You’ll build walls, barricades, doors, floors, ramps, and traps in such a straightforward way that it stands as a stark contrast to the complex main menu systems. Harvesting resources is as simple as swinging your pickaxe at things. If you need wood, stone, or metal, go bash a tree, rock, or car, respectively. Simple. Resources automatically pour out with every hit, and it happens fast enough that it doesn’t feel like a chore.

If you do run out of building resources mid-battle, you can switch the material type to complete your build. It’s hard to fault the construction gameplay. The problem is the other half of the gameplay—the all-important combat—is monotonous and way too easy. Reddit informs me that it gets harder later, but playing with two competent friends (you can play with up to three others) feels more like one of those Flash games where you tap a single button to win and less like a shooter.

Epic has backed itself into a corner in this regard, as zombies don’t have a history of intelligent behaviours. Yes, there are different zombie enemy types in Fortnite, and the first time you encounter some of the newer ones, they’ll surprise you. But, ultimately, they’re still zombies. They’re stupid, and pulling off consecutive headshots against targets that aren’t particularly fast and run at you in straight lines isn’t much of a challenge.

Fortnite also has weapon degradation and you have to craft your own ammunition. When you’re fighting the twentieth wave of zombies and you’ve run out of ammo, it’s more frustrating than tense to be forced to run off and farm resources, especially when the resources you need to collect aren’t always clear. The alternative is to use higher-level weapons (yes, Fortnite has weapon rarity, because why not?) against lower-level enemies, but it’s hard to shake the feeling that you’re wasting precious zombie-killers that are better hoarded for a later, harder horde.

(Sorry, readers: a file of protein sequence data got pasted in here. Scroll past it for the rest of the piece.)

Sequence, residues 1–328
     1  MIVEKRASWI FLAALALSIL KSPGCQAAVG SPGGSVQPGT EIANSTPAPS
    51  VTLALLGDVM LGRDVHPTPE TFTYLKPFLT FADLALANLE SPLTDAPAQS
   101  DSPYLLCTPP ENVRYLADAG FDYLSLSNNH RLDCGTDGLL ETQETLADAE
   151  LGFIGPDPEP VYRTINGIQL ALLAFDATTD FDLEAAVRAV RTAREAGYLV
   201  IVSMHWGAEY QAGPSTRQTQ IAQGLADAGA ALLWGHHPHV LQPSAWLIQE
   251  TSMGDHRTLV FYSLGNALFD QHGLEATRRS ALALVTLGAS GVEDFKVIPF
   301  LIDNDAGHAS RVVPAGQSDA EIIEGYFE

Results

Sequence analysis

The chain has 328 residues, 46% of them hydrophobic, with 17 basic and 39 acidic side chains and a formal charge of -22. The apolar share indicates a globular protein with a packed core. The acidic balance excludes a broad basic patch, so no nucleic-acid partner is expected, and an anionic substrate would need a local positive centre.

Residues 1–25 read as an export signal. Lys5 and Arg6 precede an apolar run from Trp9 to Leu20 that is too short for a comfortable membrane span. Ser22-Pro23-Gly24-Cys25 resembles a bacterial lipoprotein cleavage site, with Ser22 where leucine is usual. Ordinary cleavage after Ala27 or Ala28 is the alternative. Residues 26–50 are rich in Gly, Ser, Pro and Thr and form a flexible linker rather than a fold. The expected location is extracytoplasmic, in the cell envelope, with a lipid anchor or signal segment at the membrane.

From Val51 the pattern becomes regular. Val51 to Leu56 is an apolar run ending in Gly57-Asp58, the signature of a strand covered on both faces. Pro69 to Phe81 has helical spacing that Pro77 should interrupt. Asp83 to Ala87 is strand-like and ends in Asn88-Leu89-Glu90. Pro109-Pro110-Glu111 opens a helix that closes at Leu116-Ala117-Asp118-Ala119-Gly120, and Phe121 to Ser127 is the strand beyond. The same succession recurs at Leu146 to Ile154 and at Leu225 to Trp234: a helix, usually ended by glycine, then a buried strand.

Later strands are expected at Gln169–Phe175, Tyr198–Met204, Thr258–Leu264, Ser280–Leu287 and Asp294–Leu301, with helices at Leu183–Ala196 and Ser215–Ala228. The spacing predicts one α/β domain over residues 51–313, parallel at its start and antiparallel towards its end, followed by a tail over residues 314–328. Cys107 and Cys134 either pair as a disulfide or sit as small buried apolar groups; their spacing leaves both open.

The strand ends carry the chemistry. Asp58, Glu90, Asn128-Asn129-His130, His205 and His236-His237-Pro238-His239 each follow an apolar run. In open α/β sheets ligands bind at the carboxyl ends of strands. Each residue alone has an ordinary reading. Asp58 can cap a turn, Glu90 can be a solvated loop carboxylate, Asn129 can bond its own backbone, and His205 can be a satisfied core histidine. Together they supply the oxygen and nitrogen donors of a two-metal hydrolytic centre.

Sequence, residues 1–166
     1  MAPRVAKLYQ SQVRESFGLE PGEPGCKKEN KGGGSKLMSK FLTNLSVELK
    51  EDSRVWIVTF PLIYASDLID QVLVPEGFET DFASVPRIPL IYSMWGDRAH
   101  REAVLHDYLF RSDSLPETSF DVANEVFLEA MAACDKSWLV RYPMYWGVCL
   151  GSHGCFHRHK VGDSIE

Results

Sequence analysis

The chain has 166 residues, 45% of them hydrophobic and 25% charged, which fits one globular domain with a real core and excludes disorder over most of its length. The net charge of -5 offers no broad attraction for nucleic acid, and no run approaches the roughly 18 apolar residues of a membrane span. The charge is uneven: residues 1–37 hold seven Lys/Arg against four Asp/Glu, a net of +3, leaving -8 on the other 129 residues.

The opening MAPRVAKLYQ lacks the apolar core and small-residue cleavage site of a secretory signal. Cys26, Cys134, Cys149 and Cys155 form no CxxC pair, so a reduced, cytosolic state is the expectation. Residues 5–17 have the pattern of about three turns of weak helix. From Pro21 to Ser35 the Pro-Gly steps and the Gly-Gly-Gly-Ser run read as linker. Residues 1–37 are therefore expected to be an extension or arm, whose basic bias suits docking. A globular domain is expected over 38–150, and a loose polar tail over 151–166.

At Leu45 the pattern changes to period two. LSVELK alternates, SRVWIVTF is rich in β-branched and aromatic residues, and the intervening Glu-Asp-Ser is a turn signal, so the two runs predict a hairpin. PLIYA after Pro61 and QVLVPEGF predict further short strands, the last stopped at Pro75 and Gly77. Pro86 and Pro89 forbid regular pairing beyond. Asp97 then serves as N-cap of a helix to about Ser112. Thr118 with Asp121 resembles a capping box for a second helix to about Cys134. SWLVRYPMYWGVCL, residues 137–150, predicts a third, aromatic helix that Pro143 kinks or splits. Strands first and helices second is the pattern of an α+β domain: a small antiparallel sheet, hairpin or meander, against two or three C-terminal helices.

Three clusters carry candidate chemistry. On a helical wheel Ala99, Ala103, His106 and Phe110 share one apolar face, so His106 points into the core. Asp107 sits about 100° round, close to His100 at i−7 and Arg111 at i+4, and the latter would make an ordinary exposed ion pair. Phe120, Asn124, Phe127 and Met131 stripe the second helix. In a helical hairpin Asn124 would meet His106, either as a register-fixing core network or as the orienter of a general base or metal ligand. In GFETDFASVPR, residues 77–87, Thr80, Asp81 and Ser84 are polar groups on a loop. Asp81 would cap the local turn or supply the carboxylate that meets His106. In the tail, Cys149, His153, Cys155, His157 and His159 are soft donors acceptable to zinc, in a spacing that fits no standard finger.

It doesn’t help that certain weapons have blueprints that let you reforge them (with the right resources), while others are single-use only. On top of this, at least as far as I can tell from the early hours played, weapon drops are dictated by RNG. You’ll smash open llama piñatas (you read that correctly) to score loot, and it makes Fortnite a bit like a cartoonish Destiny clone in terms of weapon collection, where RNGesus giveth and taketh away sweet shooters. I have some great weapons at the moments—rocket launchers, grenade launchers, sniper rifles, LMGs—but they’re way too powerful for lower-level enemies, but inventory space is also at a premium.